What is Asset Conversion? To put it simply, it is selling some of your personal assets, such as furniture, vehicles and financial accounts, or obtaining things such as a reverse mortgage. Personal assets can also be used as collateral to secure a loan. Discuss your situation with someone knowledgeable about financial strategies and tax planning, such as a financial planner or accountant
Before deciding to sell personal assets for extra income, talk with family and close friends. There may be other options to help you obtain more money, such as a personal loan. Also, there may be financial assistance through a variety of government or nonprofit programs. For example, some programs help people obtain health care services and/or prescription medications at reduced rates or no cost.
Using Personal Assets as Collateral to Secure a Loan
When personal assets are used as collateral for a loan, you offer a lender something of value to guarantee that you will repay. If you do not pay the loan back within a certain amount of time, the lender can keep the collateral or sell it to someone else to pay off your debt. Of course, if you do repay the loan, you get to keep the item. Collateral loan lenders include: Banks; Commercial lenders; Auction houses; Pawn brokers or collateral loan brokers. Loans by these businesses are governed by federal and/or state laws, as well as by a variety of business guidelines. Carefully compare the fees, interest and other charges from these different types of lenders.
Personal assets to use as collateral:
Term bank accounts (certificates of deposit). The most common type of term bank account is the certificate of deposit (CD). In these accounts, you earn a higher rater of interest by leaving money in the bank for months or years. Rather than taking money out of the account and losing the interest, it may be a better option to borrow money against the term bank account, using the account as collateral. Talk to a professional at the bank or other financial institution to find out more.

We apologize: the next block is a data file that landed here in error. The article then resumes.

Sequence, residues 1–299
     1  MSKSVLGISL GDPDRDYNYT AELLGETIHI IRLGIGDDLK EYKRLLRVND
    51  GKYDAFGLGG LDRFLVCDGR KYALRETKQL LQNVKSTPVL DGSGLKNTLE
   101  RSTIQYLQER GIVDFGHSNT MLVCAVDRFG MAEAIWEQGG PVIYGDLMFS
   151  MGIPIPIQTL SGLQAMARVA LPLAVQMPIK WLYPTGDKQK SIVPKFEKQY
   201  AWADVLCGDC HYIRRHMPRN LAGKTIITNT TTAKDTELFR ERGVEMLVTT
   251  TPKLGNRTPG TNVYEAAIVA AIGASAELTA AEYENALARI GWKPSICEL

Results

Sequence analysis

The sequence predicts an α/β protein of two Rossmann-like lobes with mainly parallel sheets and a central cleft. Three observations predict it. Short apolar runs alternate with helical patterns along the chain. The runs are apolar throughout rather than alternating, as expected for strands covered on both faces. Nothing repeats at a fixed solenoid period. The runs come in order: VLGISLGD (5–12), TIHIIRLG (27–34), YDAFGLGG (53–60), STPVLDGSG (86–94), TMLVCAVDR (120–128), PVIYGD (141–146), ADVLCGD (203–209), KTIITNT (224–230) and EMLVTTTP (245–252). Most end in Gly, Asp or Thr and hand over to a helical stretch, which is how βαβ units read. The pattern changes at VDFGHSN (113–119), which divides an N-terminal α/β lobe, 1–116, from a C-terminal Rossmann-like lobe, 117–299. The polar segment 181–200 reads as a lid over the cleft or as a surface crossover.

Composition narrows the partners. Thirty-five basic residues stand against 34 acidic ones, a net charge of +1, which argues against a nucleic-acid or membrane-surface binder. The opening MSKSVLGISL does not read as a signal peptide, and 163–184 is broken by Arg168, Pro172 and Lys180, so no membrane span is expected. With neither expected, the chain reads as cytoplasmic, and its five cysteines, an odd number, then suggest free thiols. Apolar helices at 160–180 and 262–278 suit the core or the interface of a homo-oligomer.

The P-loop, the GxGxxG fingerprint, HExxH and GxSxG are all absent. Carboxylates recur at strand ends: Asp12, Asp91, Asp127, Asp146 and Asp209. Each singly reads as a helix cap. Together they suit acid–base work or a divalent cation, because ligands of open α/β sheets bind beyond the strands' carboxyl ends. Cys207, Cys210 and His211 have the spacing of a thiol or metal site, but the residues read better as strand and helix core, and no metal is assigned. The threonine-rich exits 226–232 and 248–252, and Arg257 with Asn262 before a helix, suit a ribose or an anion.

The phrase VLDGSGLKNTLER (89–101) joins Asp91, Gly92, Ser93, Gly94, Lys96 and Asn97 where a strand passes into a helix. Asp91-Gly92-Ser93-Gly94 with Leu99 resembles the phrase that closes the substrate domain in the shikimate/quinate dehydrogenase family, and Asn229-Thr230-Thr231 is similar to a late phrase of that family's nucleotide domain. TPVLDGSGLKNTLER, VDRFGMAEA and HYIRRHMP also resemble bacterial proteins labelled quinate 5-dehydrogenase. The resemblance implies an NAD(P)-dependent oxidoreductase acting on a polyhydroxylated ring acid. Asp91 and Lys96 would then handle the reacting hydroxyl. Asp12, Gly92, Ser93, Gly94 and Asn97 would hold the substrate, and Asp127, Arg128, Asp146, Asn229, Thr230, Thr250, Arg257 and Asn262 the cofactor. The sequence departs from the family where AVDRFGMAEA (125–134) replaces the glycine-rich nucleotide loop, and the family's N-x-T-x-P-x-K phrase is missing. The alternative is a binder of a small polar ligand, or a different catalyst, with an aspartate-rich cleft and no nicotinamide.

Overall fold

Stocks and bonds. Borrowing against stocks and bonds from financial institutions (such as your bank) may be another option available to you. An accountant, stockbroker or financial planner can provide professional assistance to help you determine whether this kind of action would be right for you. Antiques, art, jewelry or other valuables; Furniture. or Vehicles.
Other things to think about:
Consider what you want to sell and why. Identify the current market for these items and how much you should be able to get. Think of a variety of sales methods. Which method would get you the most money? How quickly will you need the cash? Are you willing and able to take the time and effort to sell the items? Will it be emotionally difficult to part with the item or negotiate a fair price? Should you sell objects as a set or individually?
Reverse mortgages are available to those 62 years and older and present an option to receive an additional line of credit for late life expenses. While each mortgage has different terms and rates, reverse mortgages allow homeowners to draw the principal of the mortgage in a lump sum over a set period of time. Homeowners keep the property in their name, and the loan comes due only when the borrower dies, leaves the house for more than 12 consecutive months, or sells the property. Those interested in taking out a reverse mortgage should contact their lender and schedule a meeting.